‘Are You Autistic?’ Channel 4 Review

Having recently watched this programme on Channel 4, I must say I was pleasantly surprised by how refreshing its content was. Whilst it is clear there is still some way to go in terms of research and understanding of autism, it nonetheless provided some inciteful points:

1. The spectrum is not a continuum ranging from mild to severe

It was pleasing to see the programme acknowledge this, as so many people still believe ASD forms one straight continuum. This belief, itself, can potentially be harmful as it implies that if one is on the ‘milder’ side of the spectrum, that they have less difficulties to deal with. I believe this misconception has caused many people’s issues to be overlooked.

2. They used autistic experts!

I loved how the presenters were autistic themselves. It wasn’t just any presenter stating lots of ‘facts’ about the topic; they have actually experienced the differences they are speaking about. Furthermore, the fact that they included opinions and experiences of other autistic individuals really helped to educate the viewer. They were able to convey some of the issues individuals on the spectrum face on a daily basis whilst also challenging those ‘Rain Man’ misconceptions.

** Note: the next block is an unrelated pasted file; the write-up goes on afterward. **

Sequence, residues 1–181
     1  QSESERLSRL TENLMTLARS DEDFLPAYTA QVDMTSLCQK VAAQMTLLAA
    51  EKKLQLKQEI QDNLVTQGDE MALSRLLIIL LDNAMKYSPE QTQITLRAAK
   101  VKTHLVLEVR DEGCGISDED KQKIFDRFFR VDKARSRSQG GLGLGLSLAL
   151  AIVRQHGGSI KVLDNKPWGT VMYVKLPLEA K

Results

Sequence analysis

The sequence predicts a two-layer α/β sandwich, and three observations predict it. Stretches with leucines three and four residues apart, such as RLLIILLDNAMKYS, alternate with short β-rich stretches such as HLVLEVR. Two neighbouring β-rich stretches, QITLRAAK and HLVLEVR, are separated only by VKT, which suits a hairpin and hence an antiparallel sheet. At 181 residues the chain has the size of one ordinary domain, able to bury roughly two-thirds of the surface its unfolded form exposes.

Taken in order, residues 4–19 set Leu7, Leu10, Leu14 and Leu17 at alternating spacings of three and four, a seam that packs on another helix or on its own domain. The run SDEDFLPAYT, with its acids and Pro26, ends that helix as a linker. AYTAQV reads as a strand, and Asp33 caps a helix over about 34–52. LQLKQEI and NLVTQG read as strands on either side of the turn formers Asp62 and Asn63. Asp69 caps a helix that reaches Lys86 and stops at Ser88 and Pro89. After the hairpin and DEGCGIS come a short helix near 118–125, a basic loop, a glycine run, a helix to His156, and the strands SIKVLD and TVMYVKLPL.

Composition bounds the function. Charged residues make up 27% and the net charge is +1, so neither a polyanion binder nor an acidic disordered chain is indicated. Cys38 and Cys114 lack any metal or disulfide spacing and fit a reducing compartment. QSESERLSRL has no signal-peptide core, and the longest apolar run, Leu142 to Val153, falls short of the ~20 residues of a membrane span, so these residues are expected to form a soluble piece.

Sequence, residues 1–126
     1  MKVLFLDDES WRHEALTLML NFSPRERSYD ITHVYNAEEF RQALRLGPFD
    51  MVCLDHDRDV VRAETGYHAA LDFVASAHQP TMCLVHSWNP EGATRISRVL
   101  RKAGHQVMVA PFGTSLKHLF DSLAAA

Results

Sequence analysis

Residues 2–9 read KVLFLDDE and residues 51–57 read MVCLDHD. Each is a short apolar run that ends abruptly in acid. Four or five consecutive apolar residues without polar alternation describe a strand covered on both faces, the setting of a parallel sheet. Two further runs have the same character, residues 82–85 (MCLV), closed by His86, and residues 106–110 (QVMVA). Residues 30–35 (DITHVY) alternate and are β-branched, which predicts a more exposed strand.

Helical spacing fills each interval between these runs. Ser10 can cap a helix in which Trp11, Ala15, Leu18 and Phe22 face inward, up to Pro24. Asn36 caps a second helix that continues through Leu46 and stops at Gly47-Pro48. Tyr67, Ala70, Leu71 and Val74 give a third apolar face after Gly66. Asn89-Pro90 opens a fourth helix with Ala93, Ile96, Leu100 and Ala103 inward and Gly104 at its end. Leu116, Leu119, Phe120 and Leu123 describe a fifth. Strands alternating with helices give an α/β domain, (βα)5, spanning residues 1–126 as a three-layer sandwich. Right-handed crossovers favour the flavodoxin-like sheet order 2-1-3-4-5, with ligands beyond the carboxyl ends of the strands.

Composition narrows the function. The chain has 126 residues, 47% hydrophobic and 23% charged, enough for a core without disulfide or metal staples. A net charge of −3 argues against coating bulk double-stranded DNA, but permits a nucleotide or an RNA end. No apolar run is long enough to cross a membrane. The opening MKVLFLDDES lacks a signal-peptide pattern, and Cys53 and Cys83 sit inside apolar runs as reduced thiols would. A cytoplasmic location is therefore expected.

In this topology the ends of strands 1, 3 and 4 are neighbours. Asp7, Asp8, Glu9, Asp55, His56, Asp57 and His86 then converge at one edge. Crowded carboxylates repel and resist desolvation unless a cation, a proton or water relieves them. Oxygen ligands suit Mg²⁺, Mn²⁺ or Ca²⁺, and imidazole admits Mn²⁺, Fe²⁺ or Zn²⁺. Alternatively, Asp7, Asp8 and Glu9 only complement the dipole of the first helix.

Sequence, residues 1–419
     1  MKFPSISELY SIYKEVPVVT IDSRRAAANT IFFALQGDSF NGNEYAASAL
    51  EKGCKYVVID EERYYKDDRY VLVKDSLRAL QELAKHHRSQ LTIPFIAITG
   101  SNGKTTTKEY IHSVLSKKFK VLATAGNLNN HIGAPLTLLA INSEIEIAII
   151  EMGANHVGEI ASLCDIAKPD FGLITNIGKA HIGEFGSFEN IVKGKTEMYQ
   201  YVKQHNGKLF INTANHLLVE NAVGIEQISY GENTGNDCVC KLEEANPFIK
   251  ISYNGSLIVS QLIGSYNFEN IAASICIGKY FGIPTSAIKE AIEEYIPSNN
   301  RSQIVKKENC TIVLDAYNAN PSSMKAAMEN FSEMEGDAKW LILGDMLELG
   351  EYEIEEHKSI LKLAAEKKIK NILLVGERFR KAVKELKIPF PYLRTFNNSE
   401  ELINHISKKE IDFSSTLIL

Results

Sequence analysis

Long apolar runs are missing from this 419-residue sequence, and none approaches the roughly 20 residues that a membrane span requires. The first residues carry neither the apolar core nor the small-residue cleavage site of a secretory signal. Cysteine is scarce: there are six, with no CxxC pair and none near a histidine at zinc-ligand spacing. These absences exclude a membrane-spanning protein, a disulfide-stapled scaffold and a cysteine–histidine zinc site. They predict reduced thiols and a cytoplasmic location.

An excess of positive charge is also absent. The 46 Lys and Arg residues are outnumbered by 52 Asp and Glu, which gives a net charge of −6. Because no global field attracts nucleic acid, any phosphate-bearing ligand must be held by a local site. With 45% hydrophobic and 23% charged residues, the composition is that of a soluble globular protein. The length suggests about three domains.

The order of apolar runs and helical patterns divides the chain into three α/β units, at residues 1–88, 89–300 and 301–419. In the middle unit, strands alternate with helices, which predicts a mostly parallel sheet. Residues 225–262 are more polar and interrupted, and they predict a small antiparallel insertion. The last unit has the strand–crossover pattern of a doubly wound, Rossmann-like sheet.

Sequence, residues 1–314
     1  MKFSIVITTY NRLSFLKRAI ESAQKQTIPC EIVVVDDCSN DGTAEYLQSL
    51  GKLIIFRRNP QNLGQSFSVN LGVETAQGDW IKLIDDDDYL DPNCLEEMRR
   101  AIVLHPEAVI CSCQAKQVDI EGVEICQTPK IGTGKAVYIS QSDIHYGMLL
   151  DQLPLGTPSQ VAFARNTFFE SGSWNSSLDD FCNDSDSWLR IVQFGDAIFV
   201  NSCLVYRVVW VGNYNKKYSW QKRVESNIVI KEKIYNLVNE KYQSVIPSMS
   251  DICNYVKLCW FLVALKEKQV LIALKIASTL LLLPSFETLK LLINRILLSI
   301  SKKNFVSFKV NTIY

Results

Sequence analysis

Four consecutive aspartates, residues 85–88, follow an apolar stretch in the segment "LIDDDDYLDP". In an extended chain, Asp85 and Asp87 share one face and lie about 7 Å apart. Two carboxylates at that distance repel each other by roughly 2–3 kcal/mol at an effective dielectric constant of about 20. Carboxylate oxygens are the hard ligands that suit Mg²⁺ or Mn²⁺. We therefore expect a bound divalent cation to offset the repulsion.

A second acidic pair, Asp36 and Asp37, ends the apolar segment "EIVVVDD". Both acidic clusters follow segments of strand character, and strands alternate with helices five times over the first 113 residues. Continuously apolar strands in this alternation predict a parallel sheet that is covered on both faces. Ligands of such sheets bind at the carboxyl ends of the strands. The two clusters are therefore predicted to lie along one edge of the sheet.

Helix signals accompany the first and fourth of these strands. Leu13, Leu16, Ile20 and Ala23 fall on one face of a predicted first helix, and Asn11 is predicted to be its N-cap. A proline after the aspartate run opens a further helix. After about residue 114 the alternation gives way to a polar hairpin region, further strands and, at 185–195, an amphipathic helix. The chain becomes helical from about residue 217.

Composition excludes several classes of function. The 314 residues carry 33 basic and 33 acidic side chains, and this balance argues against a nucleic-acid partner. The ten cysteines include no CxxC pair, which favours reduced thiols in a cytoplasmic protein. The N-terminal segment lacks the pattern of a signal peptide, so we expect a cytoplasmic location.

3. They acknowledged a missing generation

Anna Richardson described this as ‘a scandal’ and I have to say, I fully agree. Its such as shame that so many people go through life feeling so different or having mental health issues. Yes, they will probably still feel these things but to be able to explain why they feel that way may provide some reassurance.

4. How many more females are on the spectrum?

Although it recognised that there is, without a doubt, a lost generation, it was great to see them raising the question of females on the spectrum, particularly the fact that they can present themselves differently to males with ASD. This was highlighted particularly well, in my opinion as, again, it has always seemed to be male-dominated.

5. They challenged the Rain Man myth

I absolutely loved the fact that the differences some of the autistic individuals displayed were invisible. I just feel that it is these people who are more misunderstood than those who display clear signs or ‘recognisable behaviours’. It really challenged the myth of people with ASD acting a certain way or of being able to do certain extraordinary things. The fact is, someone with autism can present just like anybody else; we absolutely need to be more aware and accepting of this. The fact that we were introduced to two individuals who have ‘fallen through the net’, demonstrates how individuals can display less obvious signs of ASD.

Anyway, these were just some of the thoughts I had whilst watching and whether correct or not, overall, I am pleased they are highlighting some of the often overlooked issues associated with autism.

Photo courtesy of Channel 4

Ho-ho-hoping for a Bright Christmas…

There is only one week left until I break up for the Christmas holidays! I’m looking forward to having some time off work so that I can recharge, but at the same time, I’m dubious. The lack of structure and change to routine added to the social commitments can be extremely stressful, which has led me to consider what I can do to make the Christmas period as stressless as possible (as much for others as myself).